Yet I can’t help blaming Abedin for condoning this behavior and allowing this charade to continue. In a Post story Thursday, Karen Tumulty wrote that Abedin, a longtime key aide to Hillary Clinton, has been playing the Hillary card to solicit money from Clinton donors, who are too afraid of alienating Hillary Clinton to turn Abedin down. Then there was the stunning news conference in which she defended her husband. I understand that one woman’s humiliation is another woman’s power play, but I can’t see how what Abedin did could be a good example for any woman anywhere.
“I do very strongly believe that that is between us and our marriage,” she said then. She says the marriage has taken a lot of hard work and a lot of therapy. I’m certainly not the first person to suggest that her therapist should be fired. She says she is standing by Weiner for her family and her child. Does she really think her son will benefit from looking back on his mother’s excruciating display of lack of self-respect? Does she believe that the fact that she is essentially condoning Weiner’s behavior sets a good example for her son? She clearly has no line Weiner can’t cross. He seems pretty sure he can keep getting away with it, and why shouldn’t he be?
Ann Telnaes animation: Comparing the coverage of Anthony Weiner and the NSA scandals.
We thought we had seen the last of this kind of women’s humiliation with Silda Wall Spitzer. You don’t see her out on the hustings with her husband, former New York governor Eliot Spitzer, who is running for city comptroller. Who can forget the hideously painful scene of her standing next to her husband after he was caught with a prostitute and resigned from office? Can you imagine her doing that again, especially if he had done it again? In fact, she now reportedly has told friends that she’s divorcing him, not surprising since his campaign has brought up all over again all of the pain she and her children suffered.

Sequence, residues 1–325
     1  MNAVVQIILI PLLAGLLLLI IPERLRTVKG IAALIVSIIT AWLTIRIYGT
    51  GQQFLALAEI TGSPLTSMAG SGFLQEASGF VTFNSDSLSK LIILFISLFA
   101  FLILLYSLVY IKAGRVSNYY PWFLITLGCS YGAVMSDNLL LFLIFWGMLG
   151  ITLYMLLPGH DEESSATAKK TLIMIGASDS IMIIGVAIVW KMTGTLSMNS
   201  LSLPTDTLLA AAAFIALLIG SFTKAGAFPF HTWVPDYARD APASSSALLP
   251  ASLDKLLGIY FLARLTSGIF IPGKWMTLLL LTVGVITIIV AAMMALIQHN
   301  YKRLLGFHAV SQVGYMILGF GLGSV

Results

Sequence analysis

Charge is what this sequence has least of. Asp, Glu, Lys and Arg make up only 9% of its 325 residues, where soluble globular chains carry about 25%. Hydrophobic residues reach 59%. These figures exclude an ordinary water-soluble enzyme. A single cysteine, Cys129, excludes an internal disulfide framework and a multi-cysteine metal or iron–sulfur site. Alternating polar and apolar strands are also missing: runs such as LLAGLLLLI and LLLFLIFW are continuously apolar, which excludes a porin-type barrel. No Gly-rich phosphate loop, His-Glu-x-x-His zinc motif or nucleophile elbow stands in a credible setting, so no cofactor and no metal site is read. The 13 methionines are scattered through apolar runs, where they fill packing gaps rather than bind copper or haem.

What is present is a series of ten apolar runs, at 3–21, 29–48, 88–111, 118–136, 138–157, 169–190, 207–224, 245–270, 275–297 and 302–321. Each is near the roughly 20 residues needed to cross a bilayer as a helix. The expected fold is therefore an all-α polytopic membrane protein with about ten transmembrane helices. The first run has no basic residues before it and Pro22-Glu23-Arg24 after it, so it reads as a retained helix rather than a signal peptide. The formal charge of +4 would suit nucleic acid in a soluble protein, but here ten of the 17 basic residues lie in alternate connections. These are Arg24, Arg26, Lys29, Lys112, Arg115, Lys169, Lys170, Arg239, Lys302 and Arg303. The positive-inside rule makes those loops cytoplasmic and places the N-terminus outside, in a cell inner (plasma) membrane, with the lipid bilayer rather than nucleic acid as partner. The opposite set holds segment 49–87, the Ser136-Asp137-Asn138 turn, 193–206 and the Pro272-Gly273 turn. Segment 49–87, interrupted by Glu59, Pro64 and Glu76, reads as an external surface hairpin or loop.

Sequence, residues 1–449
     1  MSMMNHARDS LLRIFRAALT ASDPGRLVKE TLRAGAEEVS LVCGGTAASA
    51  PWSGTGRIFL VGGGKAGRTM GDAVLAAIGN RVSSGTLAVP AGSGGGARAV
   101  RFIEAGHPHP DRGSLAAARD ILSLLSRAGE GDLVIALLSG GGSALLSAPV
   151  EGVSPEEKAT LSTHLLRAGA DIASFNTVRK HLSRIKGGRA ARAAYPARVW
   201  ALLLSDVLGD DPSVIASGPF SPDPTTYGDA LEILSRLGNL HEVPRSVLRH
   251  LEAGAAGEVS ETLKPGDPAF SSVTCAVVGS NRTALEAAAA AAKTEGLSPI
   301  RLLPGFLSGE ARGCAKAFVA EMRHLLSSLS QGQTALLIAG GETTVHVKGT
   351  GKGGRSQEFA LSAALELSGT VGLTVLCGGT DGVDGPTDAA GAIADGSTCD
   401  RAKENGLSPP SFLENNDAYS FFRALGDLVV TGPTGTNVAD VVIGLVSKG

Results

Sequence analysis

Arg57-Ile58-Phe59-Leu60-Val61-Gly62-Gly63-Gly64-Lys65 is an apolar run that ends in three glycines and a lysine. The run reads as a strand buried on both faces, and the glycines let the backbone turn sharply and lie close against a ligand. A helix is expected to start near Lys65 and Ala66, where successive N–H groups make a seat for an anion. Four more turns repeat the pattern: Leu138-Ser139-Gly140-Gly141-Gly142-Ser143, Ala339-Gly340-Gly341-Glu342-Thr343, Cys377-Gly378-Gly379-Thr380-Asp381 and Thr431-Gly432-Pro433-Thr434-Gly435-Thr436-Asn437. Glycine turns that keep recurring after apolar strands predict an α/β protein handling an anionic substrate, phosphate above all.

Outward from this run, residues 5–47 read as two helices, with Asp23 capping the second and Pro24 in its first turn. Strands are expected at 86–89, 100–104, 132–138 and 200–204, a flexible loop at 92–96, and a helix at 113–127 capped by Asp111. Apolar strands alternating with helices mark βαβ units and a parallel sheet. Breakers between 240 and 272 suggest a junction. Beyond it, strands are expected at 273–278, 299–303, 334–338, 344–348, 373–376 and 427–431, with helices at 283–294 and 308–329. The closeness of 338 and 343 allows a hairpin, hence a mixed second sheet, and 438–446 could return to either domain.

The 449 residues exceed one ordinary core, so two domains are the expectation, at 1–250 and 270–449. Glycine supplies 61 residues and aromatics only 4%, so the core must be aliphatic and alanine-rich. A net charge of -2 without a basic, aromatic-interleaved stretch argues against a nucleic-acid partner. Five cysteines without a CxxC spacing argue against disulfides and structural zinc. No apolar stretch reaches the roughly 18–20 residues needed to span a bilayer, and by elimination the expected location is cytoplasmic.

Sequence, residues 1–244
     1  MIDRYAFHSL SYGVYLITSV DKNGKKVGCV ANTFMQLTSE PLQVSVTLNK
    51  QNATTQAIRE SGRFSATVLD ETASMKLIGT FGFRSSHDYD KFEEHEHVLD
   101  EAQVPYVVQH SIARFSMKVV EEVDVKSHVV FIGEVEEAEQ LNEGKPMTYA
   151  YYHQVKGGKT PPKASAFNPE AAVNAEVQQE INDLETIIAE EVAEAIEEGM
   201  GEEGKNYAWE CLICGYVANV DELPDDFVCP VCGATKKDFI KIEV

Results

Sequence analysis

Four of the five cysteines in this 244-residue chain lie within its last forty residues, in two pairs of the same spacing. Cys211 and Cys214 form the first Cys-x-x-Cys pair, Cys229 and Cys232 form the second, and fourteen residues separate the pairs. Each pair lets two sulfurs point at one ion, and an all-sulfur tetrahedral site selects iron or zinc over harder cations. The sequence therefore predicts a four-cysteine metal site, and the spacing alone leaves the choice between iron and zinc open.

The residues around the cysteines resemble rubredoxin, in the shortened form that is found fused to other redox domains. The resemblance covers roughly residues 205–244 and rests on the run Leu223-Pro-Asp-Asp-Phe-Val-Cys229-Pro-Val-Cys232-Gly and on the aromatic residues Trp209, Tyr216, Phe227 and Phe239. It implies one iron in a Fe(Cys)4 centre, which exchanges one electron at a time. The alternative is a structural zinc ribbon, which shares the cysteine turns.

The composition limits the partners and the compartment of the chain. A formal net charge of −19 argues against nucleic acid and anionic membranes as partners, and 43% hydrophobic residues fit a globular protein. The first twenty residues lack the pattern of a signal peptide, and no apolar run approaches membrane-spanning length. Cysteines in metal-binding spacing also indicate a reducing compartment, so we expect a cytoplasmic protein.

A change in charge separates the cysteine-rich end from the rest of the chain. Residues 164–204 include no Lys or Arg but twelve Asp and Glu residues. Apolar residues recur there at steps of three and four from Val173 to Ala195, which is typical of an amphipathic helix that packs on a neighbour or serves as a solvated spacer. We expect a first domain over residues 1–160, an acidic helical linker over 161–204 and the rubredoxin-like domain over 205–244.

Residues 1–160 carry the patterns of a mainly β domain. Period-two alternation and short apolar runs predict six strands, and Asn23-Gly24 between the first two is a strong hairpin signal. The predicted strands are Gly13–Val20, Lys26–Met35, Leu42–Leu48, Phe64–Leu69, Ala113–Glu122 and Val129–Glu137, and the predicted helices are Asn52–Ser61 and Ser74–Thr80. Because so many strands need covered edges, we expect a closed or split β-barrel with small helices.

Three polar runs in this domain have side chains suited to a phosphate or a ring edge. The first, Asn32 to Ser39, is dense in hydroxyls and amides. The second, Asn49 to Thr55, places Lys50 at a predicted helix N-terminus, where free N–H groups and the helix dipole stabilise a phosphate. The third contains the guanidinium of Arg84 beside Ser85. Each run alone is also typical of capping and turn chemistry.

So why has Abedin done this? Some have suggested that her Muslim background and growing up in Saudi Arabia have skewed her views of how women should be treated. But she’s been away from that for too long.
Perhaps Weiner has changed Abedin’s view of what is moral and ethical behavior. Or could it be that she’s afraid of him? But neither of these fits her actions past and present. The only possibly reason I can guess for Abedin’s embrace of her husband is that she wants the power as much as he does. As Clinton’s assistant, she has seen the limos, the planes, the salutes and the flags, and that is the life she aspires to. She thought she had it when she married the wildly ambitious, though widely disliked, congressman. She saw the Clintons get away with infidelity, and she fooled herself into thinking she and Weiner could also ride this one out.
When will all of this end? The only way out for Abedin, as I see it, is to give up being the “Good Wife,” dump Weiner and run for office on her own. For all she knows, Anthony Weiner could be acting out again as this piece is being written. Both Weiner and Abedin have certainly not learned any lessons from another verse in Proverbs: “A good name is more desirable than riches. To be esteemed is better than silver or gold.”